Two quick things (and a recipe):
Sure, you might be asking yourself; what is Crème Fraîche? It is not, technically, a cheese. Before someone who does believe it is a cheese yells at me, I’d like to point out that I am determining this after reading several of my cheese books, and offer two main reasons that I am in the; ”not a cheese cheese,” camp; 1) there is no separation of curds and whey, and 2) it is closely related to sour cream, and I just can’t bring myself to call sour cream a cheese either. What it is, however, is nothing short of wonderful, and Bellwether has some of the best that I have tried in California. Crafted artisan dairy foods in which the quality of the milk is considered with the utmost concern is going to produce some of the best possible cheese (or Créme Fraîche in this case). PLUS just as Bellwether’s website informs us about Créme Fraîche, it; ”never curdles while cooking.” In Europe it is difficult to locate the sour cream we are familiar with in the U.S. What is more easily found, however are products such as Quark and Crème Fraîche [and in Germany; Schmand, which is closest to American sour cream). To describe the subtleties between all of these various milk products (and heck; throw in cream cheese, yogurt, and buttermilk into the mix; why not?) would be a somewhat boring description of differences between preparation methods, consistencies and gradients of sweet, to sour, to tart tastes. Tell you what; go get some for yourself and I think you’ll find that Crème Fraîche is something that you could/would eat with a spoon given the chance, but it works best off-set with the taste of something else such as fresh fruit and/or chocolate. Below is a recipe that Kathy makes for us on occasion from a French cookbook we have. Créme Fraîche is used as a topping on it. If you, however, are excellent at coming up with recipes, then you should enter Bellwether Farms recipie contest for Crème Fraîche. You have until December 1st, 2009, and you may win $100 towards Bellwether products. Here’s the details at their website (until 12/1/09).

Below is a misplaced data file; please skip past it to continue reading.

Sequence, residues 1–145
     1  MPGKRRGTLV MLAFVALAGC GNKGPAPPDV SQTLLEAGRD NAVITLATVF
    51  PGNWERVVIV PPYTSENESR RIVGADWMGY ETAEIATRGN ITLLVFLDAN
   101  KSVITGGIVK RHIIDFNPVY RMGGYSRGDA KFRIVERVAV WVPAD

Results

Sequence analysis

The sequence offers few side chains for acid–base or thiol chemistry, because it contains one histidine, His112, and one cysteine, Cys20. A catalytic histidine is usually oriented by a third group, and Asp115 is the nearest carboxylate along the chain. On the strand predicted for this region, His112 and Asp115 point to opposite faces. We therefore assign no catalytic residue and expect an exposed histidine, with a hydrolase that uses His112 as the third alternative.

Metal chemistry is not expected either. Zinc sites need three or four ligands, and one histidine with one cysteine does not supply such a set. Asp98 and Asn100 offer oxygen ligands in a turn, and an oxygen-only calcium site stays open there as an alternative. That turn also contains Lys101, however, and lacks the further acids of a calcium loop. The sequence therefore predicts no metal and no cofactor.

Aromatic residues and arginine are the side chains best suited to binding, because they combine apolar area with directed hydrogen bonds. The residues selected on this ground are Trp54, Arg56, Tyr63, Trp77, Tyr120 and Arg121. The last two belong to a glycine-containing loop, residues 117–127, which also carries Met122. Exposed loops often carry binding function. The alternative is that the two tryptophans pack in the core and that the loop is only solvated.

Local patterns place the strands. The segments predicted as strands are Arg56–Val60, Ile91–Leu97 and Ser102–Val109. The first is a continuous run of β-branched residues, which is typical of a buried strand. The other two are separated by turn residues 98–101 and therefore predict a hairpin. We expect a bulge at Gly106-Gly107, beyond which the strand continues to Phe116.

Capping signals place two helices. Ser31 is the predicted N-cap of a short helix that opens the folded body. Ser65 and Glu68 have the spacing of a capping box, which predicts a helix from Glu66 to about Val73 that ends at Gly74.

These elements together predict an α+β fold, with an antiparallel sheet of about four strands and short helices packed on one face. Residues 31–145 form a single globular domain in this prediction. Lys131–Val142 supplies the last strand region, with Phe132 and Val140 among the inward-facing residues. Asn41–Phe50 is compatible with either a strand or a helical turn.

NUMBER 2: Don’t know about you, but I am on the e-mail list for Cheese Plus in San Francisco. This Saturday (Oct. 21st, 2009) is their 5th Annual Fall Harvest Artisan Food Festival. What does this have to do with cheese? PLENTY! Can’t believe it has been a year, but here’s the Canyon of Cheese post about last year’s. Can’t recommend this event more heatedly: chance to try some excellent cheese, gourmet products, hear some live music, and heck; bring your knives and have them sharpened while you look around.
OK; the recipe (with no baking!):
Bitter Chocolate Mousse (Mousse au Chocolat Amer)
Use the darkest chocolate you can find for the best and most intense chocolate flavor.
8 ounces semisweet chocolate, chopped
4 tbsp water
2 tbsp orange liqueur or brandy
2 tbsp unsalted butter, cut into small pieces
4 eggs, separated
6 tbsp heavy cream
¼ tsp cream of tartar
3 tbsp superfine sugar
Crème fraîche or sour cream and chocolate curls, to decorate
1. Place the chocolate and water in a heavy saucepan. Melt over low heat, stirring until smooth. Remove the pan from the heat and whisk in the liqueur and butter.
2. With an electric mixer, beat the egg yolks for 2-3 minutes until thick and creamy, then slowly beat into the melted chocolate until well blended. Set aside.
3. Whip the cream until soft peaks form and stir a spoonful into the chocolate mixture to lighten it. Fold in the remaining cream.
4. In a clean grease free bowl, using an electric mixer, beat the egg whites slowly until frothy. Add the cream of tartar, increase the speed and continue beating until they form soft peaks. Gradually sprinkle over the sugar and continue beating until the whites and stiff and glossy.
5. Using a rubber spatula or large metal spoon, stir a quarter of the egg whites into the chocolate mixture, then gently fold in the remaining whites, cutting down to the bottom, along the sides and up to the top in a semicircular motion until they are just combined. (Don’t worry about a few white streaks.) Gently spoon into an 8 cup dish or into eight individual dishes. Chill for at least 2 hours until set and chilled.
6. Spoon a little crème fraîche or sour cream over the mousse and decorate with chocolate curls.